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Messages - Andrew Yoder

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North American Shortwave Pirate / Re: XFM 6950 AM *0135
« on: March 25, 2012, 0327 UTC »
Fair here with rock & DJ Redhat. Not nearly as good as their SSB signal this time.

Thanks for the show!

North American Shortwave Pirate / WMPR: 6955, 3/24, 2318+
« on: March 24, 2012, 2324 UTC »
Duran Duran "Please, Please Tell Me Now" ID & now another '80s dance song. Really nice signal, but a lot of T-storm QRM.
Thanks for the show!

North American Shortwave Pirate / WBNY 6264, 3/24, 2120-2140
« on: March 24, 2012, 2323 UTC »
Fair/Good signal here, but heavy T-storm QRM made copy tough. Talent show segments, Off after some sort of numbers stations parody.

Thanks for the show!

Just tuned in to "Riders on the Storm." Not bad signal when I have the recording computer unplugged. Said that he was going to check e-mail one last time. Thanks for the show!

The signal was weak here and sometimes faint, but it had a number of moments in which it was just on the good side of the edge of intelligibility. The music all seemed to be '80s/early '90s hair metal, but there's a chance that something might have been by The Offspring. With all of the "whoa-ohs," I kept imagining that nearly every song was either Bon Jovi or The Offspring, but I couldn't positively ID anything.

0129 possible mention of FRN. "Hello, radio" "...very difficult for...scouring the Internet, looking for reports and such"
0149 clear ID "...The Magic Shortwave Radio Hour..."
0157 "We got a couple of...6-9-2-5 upper side band, you got that right"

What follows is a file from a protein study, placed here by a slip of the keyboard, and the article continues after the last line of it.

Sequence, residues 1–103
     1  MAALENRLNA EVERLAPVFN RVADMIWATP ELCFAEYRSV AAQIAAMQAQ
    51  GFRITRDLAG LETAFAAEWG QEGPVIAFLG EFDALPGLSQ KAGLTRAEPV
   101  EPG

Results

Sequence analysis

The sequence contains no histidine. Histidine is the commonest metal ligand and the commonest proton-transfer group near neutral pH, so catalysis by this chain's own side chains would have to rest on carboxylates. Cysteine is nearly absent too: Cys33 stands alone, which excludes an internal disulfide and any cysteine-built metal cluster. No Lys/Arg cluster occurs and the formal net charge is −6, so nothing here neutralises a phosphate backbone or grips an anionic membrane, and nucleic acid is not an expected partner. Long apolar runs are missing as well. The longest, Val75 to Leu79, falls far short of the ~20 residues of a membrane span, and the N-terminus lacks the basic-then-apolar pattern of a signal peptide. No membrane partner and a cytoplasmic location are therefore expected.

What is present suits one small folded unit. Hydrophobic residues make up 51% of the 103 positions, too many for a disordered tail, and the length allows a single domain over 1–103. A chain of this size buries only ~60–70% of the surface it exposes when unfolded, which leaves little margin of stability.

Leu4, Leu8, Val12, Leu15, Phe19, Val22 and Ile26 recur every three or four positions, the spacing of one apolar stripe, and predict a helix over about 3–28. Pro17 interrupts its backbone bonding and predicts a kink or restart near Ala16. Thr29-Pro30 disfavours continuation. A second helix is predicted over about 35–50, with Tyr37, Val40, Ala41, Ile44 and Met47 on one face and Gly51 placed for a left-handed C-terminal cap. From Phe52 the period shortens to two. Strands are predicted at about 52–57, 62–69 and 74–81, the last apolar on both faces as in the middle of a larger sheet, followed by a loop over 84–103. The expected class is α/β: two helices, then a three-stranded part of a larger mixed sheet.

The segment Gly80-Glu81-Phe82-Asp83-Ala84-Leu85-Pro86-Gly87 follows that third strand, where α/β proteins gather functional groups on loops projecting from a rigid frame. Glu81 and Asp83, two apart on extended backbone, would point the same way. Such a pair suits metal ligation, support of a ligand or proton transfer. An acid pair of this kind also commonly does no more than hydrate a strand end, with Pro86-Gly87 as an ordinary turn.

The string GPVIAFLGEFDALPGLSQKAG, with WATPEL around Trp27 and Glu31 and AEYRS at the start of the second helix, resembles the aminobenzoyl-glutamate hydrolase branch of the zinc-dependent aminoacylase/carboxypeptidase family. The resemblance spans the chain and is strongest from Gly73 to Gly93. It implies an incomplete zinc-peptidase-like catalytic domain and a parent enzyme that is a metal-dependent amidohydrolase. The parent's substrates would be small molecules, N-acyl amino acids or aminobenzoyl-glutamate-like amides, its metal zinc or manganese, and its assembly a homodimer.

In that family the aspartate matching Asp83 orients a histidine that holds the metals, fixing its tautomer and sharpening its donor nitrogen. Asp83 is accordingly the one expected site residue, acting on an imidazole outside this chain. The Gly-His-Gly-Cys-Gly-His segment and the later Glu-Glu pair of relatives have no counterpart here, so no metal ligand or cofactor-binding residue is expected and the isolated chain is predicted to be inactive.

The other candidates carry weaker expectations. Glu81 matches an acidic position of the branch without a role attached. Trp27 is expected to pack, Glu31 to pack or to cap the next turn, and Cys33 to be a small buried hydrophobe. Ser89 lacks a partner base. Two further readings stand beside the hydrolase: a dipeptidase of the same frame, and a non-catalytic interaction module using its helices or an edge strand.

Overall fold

0201 Singing to L Cee
0211 "...radio on 6-9-2-5..." mentioned logging that said the signal was more intelligible when he shouted, so he screamed. Think I heard song to RAFman, to the tune of "Batman"
0214 "...Magic Shortwave Radio" then into a song
0217 "Magic Shortwave Radio, that's Magic Shortwave Radio" Heard the rundown of those who logged the station online, but could only make out "Scott McArdle" more IDs

Thanks much for the show! Sounded like a lot of fun, but I wish I could've copied more.

Please QSL

Andrew Yoder
PO Box 109
Blue Ridge Summit, PA 17214

Here, too. I had the R8 on 6925U and the recorder running while I was out playing basketball. Just checked the file and I have at least an hour recorded. I plan to listen to it on headphones tomorrow. If the op has an e-mail address, I'll send an audio file & a report. Thanks for the show!

General Radio Discussion / Re: Cable stops viruses
« on: March 15, 2012, 1418 UTC »
Does it also say it stops viruses or just virus noises? I didn't know that viruses made noises. So many questions...

Only caught the last 5 minutes. Solid S9 signal here. Listened with the filter 6 kHz wide. Nice audio, but it seemed like the levels were turned up & down at some points because the carrier was steady while the audio was varying. UK-sounding female computer announcer with sign off ID & requests for reports to HFU & Free Radio Weekly.

Please QSL!
Andrew Yoder
POB 109
BRS, PA 17214

I'm about ready to start laying the book out, but I went through it and found stations for which I don't have any 2011 images (QSLs, stickers, etc.). In a few cases, such as 6YCAT & Indira Calling, I don't have any images at all (yeah, I know I should've sent more reports in the late '90s).

Here's my list, not including stations not known to QSL (such as Southern Relay Service, Radio Free Manitoba, etc.)

Ann Hoffer
Blue Ridge Radio
Bust a Nut Radio
Hot Legs Radio
Hunk of Junk Radio
Indira Calling
Lounge Lizard Radio
Radio Cinco de Mayo
Radio Ga-Ga
Radio Jugaloo
Radio Magnetic Pole
Radio Marlene
Sycko Radio
Thinking Man Radio
Trip Wave Radio
Undercover Radio

If you have QSLs from 2011 for any of these and wouldn't mind sharing them for the Pirate Radio Annual, I'd appreciate it.

Thanks again!

General Radio Discussion / Re: FCC activity
« on: March 05, 2012, 1816 UTC »
Jolly Roger: Understood. I'm not trying to sweep "dirty tricks" under the rug. I'm sure that people have done different things that counter good pirate radio listening. But, in the past few years, I've noticed that people have not only been lax about their pirating operations, but they've seemed to be unaware of how the FCC has operated in the past. And lately it's seemed to me that talk of the dirty tricks, etc. has eclipsed the FCC's/DOC's involvement in this process.